Centennial coach battles rise of 'killer ball' Martin says officials need to crack down on increase in physical play

September 30, 1998|By Rick Belz | Rick Belz,SUN STAFF

Centennial soccer coach Ron Martin calls it "killer ball."

He paints a picture just short of mayhem that he says some soccer officials are doing little to curb.

And he speculates that perhaps the only way things will change is if parents start suing the officials.

"So far in six games this season I've carried off 15 players, and no calls were made," said Martin, The Sun's Howard County Coach of the Year last season. "I talked to one ref at halftime and was told he didn't appreciate me talking to him. When are you supposed to?"

Martin was especially upset last Saturday at the J. M. Bennett Tournament in Salisbury, where he split a pair of games with Bennett and Parkside. He said he had to carry eight of his players off the field without a penalty called on any of the injuries.

"On every collision they said it was a 50-50, and we can't call anything," Martin said.

He described Bennett, a Class 3A school that plays in the Bayside Conference, as big, aggressive and the fastest team Centennial will face all season.

"They got 12 yellow cards, including one double yellow. We got no yellows. And I still didn't think they called much. They couldn't go 30 seconds without fouling."

Bennett won the game, 2-1, on a penalty kick and a corner kick.

Centennial then beat Parkside, 2-1, despite playing down a man for three-quarters of the game.

"Parkside had a breakaway at the 40, and three of our guys caught him at the 25, and all four guys went for the ball and fell down. Our guy wound up with a red card," said Martin.

The win boosted Centennial's record to 4-1-1.

Martin, whose team faces Oakland Mills, another physical-style team on Friday, said he has four or five players soaking in buckets of ice after every game.

"It's ridiculous. What are we trying to do, ruin careers? Years from now these kids will look back and wonder why their knees are shot. The refs need to get control early and establish a tempo."

Martin is not alone in thinking the game has changed.

Defending Class 3A state champion Wilde Lake coach Dave Nesbitt said: "I think more teams are trying to be more physical. But so far the refs have done a pretty good job."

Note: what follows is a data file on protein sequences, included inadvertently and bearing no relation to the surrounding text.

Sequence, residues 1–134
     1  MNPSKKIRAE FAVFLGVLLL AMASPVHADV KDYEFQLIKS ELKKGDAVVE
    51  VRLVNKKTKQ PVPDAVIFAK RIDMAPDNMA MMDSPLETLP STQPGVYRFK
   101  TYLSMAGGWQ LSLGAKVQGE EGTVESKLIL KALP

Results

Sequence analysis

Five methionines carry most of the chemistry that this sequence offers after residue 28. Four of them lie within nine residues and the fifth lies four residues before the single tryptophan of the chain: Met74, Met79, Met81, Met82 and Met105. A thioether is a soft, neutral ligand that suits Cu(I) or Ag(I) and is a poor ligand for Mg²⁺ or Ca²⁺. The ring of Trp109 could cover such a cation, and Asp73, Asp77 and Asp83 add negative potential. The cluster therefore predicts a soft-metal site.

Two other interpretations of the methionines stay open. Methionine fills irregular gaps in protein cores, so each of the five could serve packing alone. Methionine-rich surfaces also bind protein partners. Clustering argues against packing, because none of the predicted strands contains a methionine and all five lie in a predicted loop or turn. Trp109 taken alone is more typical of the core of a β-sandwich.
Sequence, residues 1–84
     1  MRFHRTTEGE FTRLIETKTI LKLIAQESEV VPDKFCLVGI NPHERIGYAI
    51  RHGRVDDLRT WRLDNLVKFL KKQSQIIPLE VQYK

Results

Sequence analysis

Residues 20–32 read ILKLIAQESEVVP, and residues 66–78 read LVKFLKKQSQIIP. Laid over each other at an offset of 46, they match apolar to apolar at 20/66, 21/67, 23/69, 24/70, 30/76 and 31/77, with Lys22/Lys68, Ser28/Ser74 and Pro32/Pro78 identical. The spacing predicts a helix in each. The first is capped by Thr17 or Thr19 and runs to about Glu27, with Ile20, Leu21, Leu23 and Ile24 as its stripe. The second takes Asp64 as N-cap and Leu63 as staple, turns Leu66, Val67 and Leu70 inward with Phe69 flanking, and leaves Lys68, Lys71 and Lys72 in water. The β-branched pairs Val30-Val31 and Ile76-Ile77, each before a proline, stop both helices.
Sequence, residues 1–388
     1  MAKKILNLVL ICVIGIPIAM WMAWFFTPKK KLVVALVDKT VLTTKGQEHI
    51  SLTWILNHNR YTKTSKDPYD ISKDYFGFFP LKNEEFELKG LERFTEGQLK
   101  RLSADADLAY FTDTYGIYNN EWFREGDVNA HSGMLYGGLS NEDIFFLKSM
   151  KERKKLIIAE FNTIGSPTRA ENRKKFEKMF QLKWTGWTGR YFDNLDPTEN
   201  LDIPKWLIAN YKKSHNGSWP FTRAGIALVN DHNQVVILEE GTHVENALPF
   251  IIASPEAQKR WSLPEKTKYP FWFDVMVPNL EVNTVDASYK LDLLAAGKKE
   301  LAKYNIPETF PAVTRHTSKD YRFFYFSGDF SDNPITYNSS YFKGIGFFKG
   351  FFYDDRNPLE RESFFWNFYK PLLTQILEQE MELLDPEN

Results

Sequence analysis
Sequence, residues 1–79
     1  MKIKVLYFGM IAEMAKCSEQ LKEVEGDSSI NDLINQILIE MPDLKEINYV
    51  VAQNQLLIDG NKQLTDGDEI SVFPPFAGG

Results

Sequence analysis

Jerry Grimes is a referee and assigns referees for the Metro Washington Soccer Referees Association that officiates Howard County home games. He doesn't think the game has suddenly become more violent.

"A lot of people feel that soccer is a non-contact sport. Soccer is a physical game. Shoulder-to-shoulder contact near the ball without excessive force is legal," Grimes said. "On tackles from behind, if you hit the ball first without making contact, and then the player trips over your foot, that's legal."

He says officials have to use their judgment. "If someone goes for a slide tackle and their foot is up by someone's knee, then I call a foul. If it's down by the ball, I don't. Soccer is not an easy game to officiate."

Grimes doesn't think slide tackling has been a special problem this season. "I'm seeing less of slide tackles, but more of shirt-tugging. They tend to imitate what goes on in the World Cup."

Grimes thinks slide tackles are especially dangerous because a lot of players don't know how to make them. Martin would like to see slide tackles banned, but knows that will never happen.

"It looks like the only way things will ever get done is if parents start suing refs. We need to remember these are high school kids. They do have to go to school tomorrow. They aren't all bouncing back."

Grimes' association is one of 11 statewide, but the largest, with more than 100 high school officials.

"Officials are there to control the game. Some do it by talking to the players. Some do it with cards," Grimes said. "It's easier to officiate if you played the game. Some of our officials never played."

Howard County Coordinator of Athletics, Don Disney, said that Howard County is the only one that rates the quality of its officials.

"We dismissed 10 officials last season," Disney said. "We also issued eight letters of commendation, and those officials will be assigned to our playoff games."

Pub Date: 9/30/98

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